Background: recently, the Baveno VI guidelines have suggested that esophagogastroduodenoscopy (EGD) to stage esophageal varices can be avoided in patients with advanced liver disease who have a liver stiffness (LS) <20 kPa and a platelet count >150x103/μL. Our study aims to analyze spleen stiffness (SS) as a non‐invasive method of diagnosis for clinically significant portal hypertension in order to avoid EGD in low‐risk patients for esophageal varices. We also want to compare the SS to other non‐invasive techniques and analyze their reproducibility and inter‐observer concordance. Patients and Methods: in this prospective study, we detected the SS and LS in 150 patients diagnosed with liver cirrhosis to be submitted for endoscopic screening for esophageal varices. In addition, we enrolled 70 healthy control individuals, who for other reasons, had undergone an endoscopic examination of the upper digestive tracts and who were negative for hepatic and lymphoproliferative disease. The discriminatory capacity for the presence of esophageal varices of the SS has been compared with that deriving from other non‐invasive procedures (LS, splenic diameter, splenic surface, platelet count, and combined scores deriving from these parameters). Optimal SS cut‐offs were sought to exclude the presence of varices. Particular emphasis was placed on the search for possible correlations of the with ultrasound parameters of portal hypertension and platelet count. Finally, we studied in a double‐blind fashion inter‐operator concordance with 50 measurements for LS, and 25 for SS. Results: cirrhotic patients have significantly higher SS and LS values than controls. The SS values were higher in cirrhotic patients with varices (n = 62) compared to patients without esophageal varices (n = 88) and to healthy controls (p <0.001). SS showed an AUROC of 0.93 (95% C.I., 0.89‐0.97), statistically different from the other predictors (p <0.001). The cut‐off, chosen according to Youden’s Index and equal to 38.55 kPa, showed sensitivity of 87%, specificity of 89%, NPV of 91%, and PPV of 84%. Instead, the cut‐off of 30.79 kPa has 100% sensitivity and 100% NPV. The cut‐off of 69.73 kPa demonstrated specificity and PPV of 100%. The SS demonstrated weak linear correlation with the splenic dimensions (bipolar diameter and surface measured at the organ’s hilum). Moreover, it has a linear correlation with the platelet count, which was greater than that present with LS (r = 0.5 vs r = 0.32). The test revealed an excellent intraclass correlation coefficient (ICC) equal to 0.96 for SS and 0.97 for LS. Conclusion: the results of this study show how the SS can play an important role in the daily clinical management of cirrhotic patients. The SS (alone or combined with other indicators) may play an important role as a non‐invasive screening test for predicting the risk of varices.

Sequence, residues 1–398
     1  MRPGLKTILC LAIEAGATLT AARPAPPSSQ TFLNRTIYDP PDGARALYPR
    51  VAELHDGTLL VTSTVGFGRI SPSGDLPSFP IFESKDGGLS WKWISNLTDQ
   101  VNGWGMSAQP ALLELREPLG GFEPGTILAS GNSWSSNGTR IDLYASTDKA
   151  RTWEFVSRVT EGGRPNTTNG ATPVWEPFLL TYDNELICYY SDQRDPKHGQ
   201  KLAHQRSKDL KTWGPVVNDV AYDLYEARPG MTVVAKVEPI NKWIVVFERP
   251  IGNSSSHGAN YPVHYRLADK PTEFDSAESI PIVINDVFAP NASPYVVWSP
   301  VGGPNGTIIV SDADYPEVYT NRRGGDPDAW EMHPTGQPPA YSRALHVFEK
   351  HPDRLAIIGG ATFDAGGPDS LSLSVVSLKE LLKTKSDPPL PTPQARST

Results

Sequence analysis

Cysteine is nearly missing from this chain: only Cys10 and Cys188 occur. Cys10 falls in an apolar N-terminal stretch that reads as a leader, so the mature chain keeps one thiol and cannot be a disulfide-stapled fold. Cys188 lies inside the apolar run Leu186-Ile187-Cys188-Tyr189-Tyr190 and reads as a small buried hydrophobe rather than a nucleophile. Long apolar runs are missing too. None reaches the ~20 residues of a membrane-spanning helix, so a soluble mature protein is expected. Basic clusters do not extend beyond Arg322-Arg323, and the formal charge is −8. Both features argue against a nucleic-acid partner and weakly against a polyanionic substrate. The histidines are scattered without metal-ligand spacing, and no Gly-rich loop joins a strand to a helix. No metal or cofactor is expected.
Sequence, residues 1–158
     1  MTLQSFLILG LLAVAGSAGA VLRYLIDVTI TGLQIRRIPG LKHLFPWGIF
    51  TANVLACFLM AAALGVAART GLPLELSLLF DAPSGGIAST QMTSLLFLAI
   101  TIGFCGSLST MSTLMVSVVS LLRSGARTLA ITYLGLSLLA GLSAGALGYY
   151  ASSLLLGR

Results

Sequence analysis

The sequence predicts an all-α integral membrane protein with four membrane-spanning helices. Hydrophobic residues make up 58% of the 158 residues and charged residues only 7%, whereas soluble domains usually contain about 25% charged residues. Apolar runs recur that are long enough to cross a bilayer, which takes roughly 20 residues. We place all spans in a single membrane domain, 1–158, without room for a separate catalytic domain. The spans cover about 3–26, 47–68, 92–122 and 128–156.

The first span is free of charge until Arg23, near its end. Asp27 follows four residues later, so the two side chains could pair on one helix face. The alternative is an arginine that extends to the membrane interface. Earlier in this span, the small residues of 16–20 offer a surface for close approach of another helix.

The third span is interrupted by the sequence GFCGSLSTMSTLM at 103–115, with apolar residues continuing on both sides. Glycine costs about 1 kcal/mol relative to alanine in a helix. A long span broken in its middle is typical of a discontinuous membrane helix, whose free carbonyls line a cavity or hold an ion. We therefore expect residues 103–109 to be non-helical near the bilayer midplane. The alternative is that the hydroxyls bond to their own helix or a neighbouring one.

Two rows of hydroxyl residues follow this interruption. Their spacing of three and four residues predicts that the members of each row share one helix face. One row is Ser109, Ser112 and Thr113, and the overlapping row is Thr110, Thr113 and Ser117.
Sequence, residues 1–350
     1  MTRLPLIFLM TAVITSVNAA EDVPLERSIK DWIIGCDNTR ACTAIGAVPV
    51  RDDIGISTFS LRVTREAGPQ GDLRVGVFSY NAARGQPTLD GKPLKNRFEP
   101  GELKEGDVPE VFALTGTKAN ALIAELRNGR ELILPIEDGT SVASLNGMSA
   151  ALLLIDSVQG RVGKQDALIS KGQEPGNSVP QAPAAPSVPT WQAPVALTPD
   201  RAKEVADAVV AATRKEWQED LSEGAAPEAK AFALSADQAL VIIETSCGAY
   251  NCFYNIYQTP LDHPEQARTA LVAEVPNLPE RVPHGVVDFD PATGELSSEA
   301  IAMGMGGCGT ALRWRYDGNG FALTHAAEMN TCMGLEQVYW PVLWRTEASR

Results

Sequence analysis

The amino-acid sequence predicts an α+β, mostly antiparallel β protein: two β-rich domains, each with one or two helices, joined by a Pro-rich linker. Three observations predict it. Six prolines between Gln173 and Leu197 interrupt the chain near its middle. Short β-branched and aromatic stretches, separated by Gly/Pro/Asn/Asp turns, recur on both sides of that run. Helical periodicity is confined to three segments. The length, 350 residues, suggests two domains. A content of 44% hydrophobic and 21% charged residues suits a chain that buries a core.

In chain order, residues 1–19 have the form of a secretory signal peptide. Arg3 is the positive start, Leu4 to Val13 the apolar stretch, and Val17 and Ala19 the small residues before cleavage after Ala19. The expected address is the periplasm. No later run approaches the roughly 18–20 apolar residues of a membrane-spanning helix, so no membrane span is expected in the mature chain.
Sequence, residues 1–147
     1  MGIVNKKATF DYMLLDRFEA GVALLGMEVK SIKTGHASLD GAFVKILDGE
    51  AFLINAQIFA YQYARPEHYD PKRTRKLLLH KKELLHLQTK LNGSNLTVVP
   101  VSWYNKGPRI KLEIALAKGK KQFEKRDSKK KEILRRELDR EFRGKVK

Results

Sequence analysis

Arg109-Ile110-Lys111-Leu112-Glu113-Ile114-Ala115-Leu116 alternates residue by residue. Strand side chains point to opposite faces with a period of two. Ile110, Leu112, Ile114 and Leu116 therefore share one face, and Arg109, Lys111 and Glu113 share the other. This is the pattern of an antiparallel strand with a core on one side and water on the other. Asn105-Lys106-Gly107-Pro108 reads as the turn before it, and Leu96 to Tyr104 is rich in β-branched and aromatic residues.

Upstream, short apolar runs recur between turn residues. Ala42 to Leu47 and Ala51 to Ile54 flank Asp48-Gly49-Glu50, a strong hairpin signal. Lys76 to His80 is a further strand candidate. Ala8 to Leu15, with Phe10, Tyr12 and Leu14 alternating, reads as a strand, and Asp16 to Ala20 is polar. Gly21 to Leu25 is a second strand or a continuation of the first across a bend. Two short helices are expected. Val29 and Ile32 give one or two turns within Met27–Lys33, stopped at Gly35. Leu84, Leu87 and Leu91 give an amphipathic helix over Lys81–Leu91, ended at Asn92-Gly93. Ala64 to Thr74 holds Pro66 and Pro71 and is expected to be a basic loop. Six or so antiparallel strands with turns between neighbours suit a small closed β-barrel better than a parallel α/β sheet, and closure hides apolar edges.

https://aasldpubs.onlinelibrary.wiley.com/doi/10.1002/hep.30353
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Utilizza questo identificativo per citare o creare un link a questo documento: http://hdl.handle.net/11368/2935697